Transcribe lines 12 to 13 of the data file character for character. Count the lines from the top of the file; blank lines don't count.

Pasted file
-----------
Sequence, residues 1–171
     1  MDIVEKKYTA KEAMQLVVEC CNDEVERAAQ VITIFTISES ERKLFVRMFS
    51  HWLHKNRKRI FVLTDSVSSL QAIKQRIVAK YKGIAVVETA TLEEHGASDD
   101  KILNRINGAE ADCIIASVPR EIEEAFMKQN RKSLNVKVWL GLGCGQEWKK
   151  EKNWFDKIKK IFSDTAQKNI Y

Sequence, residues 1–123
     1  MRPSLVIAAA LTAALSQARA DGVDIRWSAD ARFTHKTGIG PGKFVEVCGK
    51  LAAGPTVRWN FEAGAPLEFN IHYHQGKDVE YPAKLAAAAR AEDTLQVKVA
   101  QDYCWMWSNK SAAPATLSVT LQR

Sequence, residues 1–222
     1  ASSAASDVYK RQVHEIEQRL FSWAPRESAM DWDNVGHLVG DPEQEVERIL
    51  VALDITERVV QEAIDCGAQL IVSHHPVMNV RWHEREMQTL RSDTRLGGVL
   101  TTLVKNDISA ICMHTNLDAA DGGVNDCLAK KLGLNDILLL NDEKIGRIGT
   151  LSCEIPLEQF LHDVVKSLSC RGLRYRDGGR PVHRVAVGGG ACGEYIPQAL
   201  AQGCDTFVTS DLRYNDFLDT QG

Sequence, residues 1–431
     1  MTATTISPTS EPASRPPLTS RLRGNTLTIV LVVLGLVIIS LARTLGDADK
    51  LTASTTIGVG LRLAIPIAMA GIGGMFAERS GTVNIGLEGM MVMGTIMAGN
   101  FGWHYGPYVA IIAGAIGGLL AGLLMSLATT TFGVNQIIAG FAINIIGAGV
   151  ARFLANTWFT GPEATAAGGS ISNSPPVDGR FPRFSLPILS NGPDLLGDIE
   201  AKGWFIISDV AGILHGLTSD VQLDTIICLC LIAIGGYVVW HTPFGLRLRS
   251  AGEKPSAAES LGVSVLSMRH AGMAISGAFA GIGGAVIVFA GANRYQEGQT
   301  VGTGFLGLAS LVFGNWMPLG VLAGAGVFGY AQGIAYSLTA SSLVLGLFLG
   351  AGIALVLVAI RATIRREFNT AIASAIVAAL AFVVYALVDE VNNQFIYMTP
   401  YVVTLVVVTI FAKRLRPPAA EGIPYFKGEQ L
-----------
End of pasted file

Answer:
    51  VALDITERVV QEAIDCGAQL IVSHHPVMNV RWHEREMQTL RSDTRLGGVL
   101  TTLVKNDISA ICMHTNLDAA DGGVNDCLAK KLGLNDILLL NDEKIGRIGT